Free Market Killed the Coffee Industry

Steve GSeptember 12th, 2007
By: Steve G

During the 1980’s, the price of green coffee beans reached its apex, when each pound sold for at least $7-8. In today’s market, green coffee beans are sold for $1 to $2 per pound at best. A depreciation of over 75% is shocking. When considering a commodity like coffee, which is the second highest traded commodity in the world, one has to be amazed at how prices have dropped so low. What happened in the world that caused such a dramatic upheaval in coffee prices?

thumb-brazil1.jpg

Brazil first major producer of coffee.

The short answer is unrestricted free market ideology. During the beginning of the 20th Century, Brazil stood alone in the coffee industry. Providing over 75% of the world coffee production, it controlled the overall coffee prices in the world. Although it had a dramatic influence over the markets, Brazil was still prey to the whims of overseas speculators (in the New York and London Stock Exchange) who dictated the prices that Brazil would be able to negotiate with.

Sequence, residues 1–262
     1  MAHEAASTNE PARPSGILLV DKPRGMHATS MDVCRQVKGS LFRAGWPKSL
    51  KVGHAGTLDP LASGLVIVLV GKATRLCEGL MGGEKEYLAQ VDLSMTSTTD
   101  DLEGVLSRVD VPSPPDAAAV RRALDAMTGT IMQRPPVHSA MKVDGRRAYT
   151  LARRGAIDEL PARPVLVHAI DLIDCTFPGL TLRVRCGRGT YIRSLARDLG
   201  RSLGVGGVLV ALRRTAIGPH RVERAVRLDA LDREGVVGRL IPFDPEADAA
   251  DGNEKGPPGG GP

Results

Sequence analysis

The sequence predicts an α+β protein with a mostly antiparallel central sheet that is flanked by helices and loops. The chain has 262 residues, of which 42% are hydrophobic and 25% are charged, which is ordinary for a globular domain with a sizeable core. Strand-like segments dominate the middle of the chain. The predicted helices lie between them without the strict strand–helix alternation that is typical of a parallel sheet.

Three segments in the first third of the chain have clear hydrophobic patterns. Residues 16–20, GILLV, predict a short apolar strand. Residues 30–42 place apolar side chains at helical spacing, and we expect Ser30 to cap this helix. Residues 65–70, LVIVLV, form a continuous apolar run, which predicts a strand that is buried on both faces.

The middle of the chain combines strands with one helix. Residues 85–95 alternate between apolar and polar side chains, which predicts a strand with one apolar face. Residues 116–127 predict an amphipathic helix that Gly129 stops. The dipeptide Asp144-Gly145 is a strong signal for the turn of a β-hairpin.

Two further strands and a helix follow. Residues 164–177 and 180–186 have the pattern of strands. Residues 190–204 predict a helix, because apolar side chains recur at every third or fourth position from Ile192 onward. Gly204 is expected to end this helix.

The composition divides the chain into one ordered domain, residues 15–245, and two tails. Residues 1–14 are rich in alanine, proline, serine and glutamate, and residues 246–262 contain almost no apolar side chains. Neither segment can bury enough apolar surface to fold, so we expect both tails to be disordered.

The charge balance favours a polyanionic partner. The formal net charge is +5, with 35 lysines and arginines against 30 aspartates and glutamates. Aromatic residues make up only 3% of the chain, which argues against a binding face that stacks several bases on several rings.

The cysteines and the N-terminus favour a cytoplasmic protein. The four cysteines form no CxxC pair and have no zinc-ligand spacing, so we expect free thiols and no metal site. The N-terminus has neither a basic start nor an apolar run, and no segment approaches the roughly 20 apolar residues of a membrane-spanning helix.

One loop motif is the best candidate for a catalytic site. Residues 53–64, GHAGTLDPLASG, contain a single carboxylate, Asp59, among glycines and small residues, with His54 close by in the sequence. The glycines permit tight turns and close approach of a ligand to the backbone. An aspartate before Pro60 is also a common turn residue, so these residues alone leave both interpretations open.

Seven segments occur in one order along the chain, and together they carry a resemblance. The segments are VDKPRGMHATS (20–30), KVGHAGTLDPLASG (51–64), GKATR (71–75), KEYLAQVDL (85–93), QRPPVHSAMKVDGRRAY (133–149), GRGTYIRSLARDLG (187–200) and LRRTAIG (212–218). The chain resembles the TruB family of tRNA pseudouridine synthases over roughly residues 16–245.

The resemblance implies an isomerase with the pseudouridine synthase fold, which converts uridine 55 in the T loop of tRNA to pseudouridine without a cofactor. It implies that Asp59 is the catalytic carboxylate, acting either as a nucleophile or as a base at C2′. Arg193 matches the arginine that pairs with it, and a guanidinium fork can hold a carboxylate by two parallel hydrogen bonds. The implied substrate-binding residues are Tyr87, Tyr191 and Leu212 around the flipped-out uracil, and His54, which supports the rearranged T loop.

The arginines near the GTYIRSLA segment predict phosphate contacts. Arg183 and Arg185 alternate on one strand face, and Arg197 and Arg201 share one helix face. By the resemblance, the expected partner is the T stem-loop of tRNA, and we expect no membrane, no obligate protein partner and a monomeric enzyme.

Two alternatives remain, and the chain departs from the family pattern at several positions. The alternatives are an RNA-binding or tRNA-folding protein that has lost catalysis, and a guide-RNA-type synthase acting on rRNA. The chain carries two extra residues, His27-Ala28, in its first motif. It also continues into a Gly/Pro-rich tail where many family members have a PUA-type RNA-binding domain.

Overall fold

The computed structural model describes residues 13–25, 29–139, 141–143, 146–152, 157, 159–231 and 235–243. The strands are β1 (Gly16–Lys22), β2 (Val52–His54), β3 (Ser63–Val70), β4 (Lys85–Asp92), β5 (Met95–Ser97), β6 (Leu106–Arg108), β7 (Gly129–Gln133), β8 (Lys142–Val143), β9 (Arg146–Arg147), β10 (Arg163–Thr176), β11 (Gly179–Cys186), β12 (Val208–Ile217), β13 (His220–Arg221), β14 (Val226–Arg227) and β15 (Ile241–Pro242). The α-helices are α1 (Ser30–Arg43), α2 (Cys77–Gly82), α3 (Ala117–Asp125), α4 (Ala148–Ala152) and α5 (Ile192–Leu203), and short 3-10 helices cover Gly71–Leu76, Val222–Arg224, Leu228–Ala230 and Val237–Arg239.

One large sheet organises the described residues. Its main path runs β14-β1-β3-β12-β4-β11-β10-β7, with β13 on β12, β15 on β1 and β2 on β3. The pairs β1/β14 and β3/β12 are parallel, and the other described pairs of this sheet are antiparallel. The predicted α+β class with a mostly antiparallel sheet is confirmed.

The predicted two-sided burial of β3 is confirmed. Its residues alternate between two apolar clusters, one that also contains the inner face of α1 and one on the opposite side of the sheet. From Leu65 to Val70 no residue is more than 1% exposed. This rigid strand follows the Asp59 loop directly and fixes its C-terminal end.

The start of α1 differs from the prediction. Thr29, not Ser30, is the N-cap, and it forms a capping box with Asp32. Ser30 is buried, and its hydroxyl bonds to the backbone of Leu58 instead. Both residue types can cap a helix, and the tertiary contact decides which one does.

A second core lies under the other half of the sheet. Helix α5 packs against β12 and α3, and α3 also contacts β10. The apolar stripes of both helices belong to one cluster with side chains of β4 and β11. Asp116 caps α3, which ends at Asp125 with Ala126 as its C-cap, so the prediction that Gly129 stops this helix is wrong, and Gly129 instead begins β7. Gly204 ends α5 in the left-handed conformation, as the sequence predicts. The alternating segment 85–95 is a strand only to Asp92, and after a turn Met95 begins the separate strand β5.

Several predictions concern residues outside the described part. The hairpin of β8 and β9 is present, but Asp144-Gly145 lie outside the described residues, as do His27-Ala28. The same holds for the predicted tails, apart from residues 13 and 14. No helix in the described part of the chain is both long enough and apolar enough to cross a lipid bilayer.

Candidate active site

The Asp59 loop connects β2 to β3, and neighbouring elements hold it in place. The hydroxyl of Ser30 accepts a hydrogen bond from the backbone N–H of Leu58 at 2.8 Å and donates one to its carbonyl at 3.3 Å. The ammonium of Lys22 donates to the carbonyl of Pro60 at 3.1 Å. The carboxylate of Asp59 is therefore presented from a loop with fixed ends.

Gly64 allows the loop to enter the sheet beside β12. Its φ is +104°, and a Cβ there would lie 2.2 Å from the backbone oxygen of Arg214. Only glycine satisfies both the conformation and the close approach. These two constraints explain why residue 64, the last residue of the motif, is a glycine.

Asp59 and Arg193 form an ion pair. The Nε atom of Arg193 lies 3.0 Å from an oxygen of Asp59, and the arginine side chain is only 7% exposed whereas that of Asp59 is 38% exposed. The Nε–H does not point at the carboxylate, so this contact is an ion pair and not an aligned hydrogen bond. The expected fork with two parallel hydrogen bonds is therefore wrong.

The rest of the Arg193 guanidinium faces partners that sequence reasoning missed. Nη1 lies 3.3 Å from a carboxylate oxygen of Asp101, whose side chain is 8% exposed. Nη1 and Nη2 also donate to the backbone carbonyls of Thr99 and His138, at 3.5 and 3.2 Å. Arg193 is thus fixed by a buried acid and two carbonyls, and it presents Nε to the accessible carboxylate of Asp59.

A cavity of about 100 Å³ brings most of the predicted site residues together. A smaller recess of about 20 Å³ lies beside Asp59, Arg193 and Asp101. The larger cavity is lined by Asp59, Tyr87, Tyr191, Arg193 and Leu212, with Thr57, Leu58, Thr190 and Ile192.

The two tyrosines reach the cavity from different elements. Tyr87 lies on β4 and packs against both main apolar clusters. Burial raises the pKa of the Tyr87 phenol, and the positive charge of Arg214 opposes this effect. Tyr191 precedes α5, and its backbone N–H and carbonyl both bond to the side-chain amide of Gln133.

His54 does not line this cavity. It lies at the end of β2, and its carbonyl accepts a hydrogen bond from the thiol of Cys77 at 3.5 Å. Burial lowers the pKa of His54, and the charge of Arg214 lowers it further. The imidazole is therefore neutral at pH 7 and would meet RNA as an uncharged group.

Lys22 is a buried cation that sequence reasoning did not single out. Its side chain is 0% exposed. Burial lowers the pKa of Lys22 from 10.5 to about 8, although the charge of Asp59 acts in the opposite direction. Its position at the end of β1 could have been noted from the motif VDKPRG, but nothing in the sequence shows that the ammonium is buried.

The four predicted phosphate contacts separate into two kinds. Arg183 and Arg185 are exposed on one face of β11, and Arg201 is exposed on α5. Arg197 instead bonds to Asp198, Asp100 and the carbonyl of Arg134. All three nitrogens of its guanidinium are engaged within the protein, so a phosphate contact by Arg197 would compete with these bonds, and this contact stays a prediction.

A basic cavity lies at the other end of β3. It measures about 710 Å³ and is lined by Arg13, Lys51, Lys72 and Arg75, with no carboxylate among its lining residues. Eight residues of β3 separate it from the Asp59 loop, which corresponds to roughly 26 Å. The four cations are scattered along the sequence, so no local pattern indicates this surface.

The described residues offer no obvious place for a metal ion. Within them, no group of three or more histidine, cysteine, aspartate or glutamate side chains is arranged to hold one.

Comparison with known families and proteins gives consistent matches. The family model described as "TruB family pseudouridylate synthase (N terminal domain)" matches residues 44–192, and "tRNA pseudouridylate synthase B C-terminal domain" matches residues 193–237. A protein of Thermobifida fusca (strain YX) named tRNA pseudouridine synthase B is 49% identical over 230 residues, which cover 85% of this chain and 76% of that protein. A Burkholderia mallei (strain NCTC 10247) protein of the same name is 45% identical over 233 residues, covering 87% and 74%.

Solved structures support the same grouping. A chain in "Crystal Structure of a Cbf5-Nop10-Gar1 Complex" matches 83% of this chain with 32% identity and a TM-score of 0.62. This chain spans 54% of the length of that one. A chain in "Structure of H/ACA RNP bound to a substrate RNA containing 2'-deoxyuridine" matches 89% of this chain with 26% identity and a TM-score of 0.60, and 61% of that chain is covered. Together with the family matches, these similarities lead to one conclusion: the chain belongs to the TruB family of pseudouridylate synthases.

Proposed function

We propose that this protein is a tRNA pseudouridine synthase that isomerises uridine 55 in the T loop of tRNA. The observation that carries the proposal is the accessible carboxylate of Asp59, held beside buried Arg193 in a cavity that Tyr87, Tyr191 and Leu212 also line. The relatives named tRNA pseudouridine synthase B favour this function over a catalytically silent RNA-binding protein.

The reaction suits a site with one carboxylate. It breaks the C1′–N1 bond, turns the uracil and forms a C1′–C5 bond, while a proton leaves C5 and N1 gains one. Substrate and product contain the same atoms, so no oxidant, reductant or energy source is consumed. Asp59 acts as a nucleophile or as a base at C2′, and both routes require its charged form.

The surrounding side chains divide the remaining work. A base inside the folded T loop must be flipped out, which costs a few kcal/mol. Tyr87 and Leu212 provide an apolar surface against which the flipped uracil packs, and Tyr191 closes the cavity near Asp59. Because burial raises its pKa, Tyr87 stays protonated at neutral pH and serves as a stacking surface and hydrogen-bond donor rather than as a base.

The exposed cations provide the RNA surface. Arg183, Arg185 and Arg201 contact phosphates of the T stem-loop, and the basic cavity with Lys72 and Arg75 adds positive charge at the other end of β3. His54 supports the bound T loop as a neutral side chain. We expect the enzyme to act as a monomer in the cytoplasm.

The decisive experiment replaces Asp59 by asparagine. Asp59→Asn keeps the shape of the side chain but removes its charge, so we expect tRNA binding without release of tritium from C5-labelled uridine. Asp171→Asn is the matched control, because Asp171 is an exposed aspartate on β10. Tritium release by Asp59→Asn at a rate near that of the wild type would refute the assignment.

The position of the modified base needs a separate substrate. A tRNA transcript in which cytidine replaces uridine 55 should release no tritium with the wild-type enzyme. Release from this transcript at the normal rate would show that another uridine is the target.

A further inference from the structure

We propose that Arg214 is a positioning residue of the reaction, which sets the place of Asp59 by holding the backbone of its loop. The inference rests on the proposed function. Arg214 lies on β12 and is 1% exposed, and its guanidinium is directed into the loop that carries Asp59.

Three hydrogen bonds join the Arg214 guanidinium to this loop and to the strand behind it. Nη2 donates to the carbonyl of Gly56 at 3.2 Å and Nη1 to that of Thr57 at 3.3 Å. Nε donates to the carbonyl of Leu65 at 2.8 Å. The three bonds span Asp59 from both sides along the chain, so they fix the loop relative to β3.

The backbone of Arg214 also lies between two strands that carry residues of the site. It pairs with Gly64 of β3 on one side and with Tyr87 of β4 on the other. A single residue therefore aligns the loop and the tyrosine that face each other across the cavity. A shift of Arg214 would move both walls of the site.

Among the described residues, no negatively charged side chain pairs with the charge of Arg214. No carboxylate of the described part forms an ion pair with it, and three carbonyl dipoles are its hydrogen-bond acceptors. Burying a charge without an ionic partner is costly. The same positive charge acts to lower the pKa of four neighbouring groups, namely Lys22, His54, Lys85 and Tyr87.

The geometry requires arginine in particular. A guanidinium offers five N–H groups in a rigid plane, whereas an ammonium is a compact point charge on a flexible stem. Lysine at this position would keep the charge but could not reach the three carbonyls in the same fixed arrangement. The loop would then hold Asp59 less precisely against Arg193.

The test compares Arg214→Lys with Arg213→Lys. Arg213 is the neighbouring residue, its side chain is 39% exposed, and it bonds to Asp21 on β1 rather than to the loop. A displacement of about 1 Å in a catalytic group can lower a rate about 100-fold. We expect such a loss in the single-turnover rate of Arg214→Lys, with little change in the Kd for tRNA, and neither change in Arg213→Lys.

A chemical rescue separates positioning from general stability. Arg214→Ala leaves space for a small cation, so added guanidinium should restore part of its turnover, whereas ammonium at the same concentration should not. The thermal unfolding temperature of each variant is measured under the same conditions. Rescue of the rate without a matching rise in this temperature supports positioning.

Frustrated by its lack of economic power, Brazil instituted programs to regulate and maintain the prices of coffee. The agency in charge was known as the Instituto Brasileno do Café (IBC). Originally, independent coffee workers controlled the IBC, but eventually the Brazilian government bought it out. Through this agency, Brazil could regulate and maintain the prices of coffee by utilizing the most basic concepts of economy: supply and demand.

The objective of the IBC was to simply protect the pivotal stepping stones for Brazil’s economy, coffee. The method to achieve this was uncomplicated. The Brazilian government would purchase a portion of the green coffee bean supply (unbeknown to the rest of the world) and withhold this portion to limit supply, thereby increasing demand. By stockpiling, and in some cases purposely destroying, shipments, Brazil had a mechanism to artificially maintain good prices. For a while, this strategy worked well for Brazil. Soon, however, other countries wanted a piece of the coffee action.

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The wealth of free markets is not always even.
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